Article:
Old and New Lights

The terms Old Lights and New Lights (among others) are used in Protestant Christian circles to distinguish between two groups who were initially the same, but have come to a disagreement. These terms originated in the early 18th century from a split in theological approach among Calvinist denominations concerning the nature of conversion and salvation. Since then, they have been applied in a wide variety of ways, and the meaning must be determined from each context. Typically, if a denomination is changing, and some refuse to change, and the denomination splits, those who did not change are referred to as the "Old Lights" and the ones who changed are referred to as the "New Lights".


The terms were first used during the First Great Awakening (1730s–40s), which expanded through the British North American colonies in the middle of the 18th century.[1] In A Faithful Narrative of the Surprising Work of God (1737), Jonathan Edwards, a leader in the Awakening, describes his congregants' vivid experiences with grace as causing a "new light" in their perspective on sin and atonement.[2] Old Lights and New Lights generally referred to Congregationalists and Baptists in New England and Presbyterians in Pennsylvania and further south. who took different positions on the Awakening from the traditional branches of their denominations. New Lights embraced the revivals that spread through the colonies, while Old Lights were suspicious of the revivals (and their seeming threat to authority). The historian Richard Bushman credits the division between Old Lights and New Lights for the creation of political factionalism in Connecticut in the mid-eighteenth century.[3] Often many "new light" Congregationalists who had been converted under the preaching of George Whitefield left that connection to become "new light" Baptists when they found no evidence of infant baptism in the apostolic church. When told of this development, Whitefield famously quipped that he was glad to hear about the fervent faith of his followers but regretted that "so many of his chickens had become ducks."[4] In the Presbyterian Church those elements embracing the revivals of the Great Awakening were sometimes called "New Side" and those opposed to the revivals were called "Old Side".[5]

In the Church of Scotland in the 1790s the "Old Lights" followed the principles of the Covenanters, while the "New Lights" were more focused on personal salvation and considered the strictures of the Covenants as less binding moral enormities."[6]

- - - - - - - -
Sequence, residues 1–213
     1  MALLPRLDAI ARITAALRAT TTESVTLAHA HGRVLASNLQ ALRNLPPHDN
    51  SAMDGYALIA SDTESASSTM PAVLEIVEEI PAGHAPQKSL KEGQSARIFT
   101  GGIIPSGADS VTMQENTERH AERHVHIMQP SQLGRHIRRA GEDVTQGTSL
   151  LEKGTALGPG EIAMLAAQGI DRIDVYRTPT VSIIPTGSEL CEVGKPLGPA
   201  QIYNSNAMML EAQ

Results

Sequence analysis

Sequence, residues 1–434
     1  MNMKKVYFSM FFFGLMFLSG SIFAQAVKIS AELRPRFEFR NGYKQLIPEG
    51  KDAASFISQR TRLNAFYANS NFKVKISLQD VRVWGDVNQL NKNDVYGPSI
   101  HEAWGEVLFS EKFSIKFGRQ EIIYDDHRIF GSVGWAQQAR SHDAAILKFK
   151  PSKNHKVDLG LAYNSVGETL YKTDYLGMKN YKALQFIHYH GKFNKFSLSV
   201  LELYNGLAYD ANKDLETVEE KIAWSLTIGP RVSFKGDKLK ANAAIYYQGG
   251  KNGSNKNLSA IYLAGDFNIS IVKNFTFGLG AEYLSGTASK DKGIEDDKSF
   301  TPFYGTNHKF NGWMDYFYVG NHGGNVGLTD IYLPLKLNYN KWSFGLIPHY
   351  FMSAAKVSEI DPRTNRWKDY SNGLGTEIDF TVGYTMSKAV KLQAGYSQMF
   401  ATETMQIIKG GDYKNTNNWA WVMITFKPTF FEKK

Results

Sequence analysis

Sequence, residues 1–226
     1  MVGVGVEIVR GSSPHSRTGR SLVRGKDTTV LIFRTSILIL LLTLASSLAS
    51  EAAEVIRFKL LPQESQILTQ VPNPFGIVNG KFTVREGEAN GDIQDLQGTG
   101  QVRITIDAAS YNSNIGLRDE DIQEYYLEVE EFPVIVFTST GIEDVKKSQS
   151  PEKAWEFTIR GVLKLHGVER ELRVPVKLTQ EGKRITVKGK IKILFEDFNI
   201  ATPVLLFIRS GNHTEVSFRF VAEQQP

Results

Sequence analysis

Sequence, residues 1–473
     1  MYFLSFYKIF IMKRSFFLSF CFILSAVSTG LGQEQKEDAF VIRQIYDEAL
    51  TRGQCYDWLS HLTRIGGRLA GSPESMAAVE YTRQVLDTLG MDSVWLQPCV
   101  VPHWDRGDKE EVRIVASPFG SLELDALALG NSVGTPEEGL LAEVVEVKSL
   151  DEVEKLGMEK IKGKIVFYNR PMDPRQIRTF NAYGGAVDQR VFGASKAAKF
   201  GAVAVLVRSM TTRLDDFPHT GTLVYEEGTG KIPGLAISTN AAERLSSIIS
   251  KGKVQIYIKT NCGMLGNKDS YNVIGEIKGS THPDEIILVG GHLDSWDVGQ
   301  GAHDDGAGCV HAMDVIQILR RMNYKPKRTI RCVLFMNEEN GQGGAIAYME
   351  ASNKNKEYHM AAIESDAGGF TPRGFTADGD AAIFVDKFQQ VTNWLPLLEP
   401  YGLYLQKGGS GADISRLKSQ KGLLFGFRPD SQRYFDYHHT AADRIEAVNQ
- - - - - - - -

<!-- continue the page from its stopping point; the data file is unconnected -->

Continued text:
The terms were also used in 1833, when a debate over swearing allegiance to the US Constitution split the Reformed Presbyterians. The "Old Light" Reformed Presbyterians, in keeping with their Covenanter heritage, refused to swear allegiance to the constitution, and thus to become citizens, because the constitution made no mention of the Lordship of Christ, whereas the "New Light" Reformed Presbyterians allowed for it. Following the split, the Old Lights eventually formed the Reformed Presbyterian Church of North America and the New Lights formed the Reformed Presbyterian Church, General Synod.

See also


  1. Bonomi, Patricia U. (1986). Under the Cope of Heaven: Religion, Society, and Politics in Colonial America. Oxford University Press. pp. 131–67.
  2. Ava Chamberlain, "Self-Deception as a Theological Problem in Jonathan Edwards's 'Treatise Concerning Religious Affections,"' Church History, (1994) 63#4 pp. 541-556 in JSTOR
  3. Bushman, Richard L. (1967). From Puritan to Yankee: Character and the Social Order in Connecticut, 1690–1765. Cambridge, Massachusetts: Harvard University Press. pp. 182–95 & 235–66.
  4. Thomas R. Schreiner, Believer's Baptism: Sign of the New Covenant in Christ, (B&H Publishing Group, 2007) pg. xvi https://books.google.com/books?id=EraDre6dUwYC&source=gbs_navlinks_s
  5. Bonomi, Patricia U. (1986). Under the Cope of Heaven: Religion, Society, and Politics in Colonial America. New York: Oxford University Press. pp. 139–52.
  6. Bonomi, Patricia U. (1986). Under the Cope of Heaven: Religion, Society, and Politics in Colonial America. New York: Oxford University Press. p. 139.
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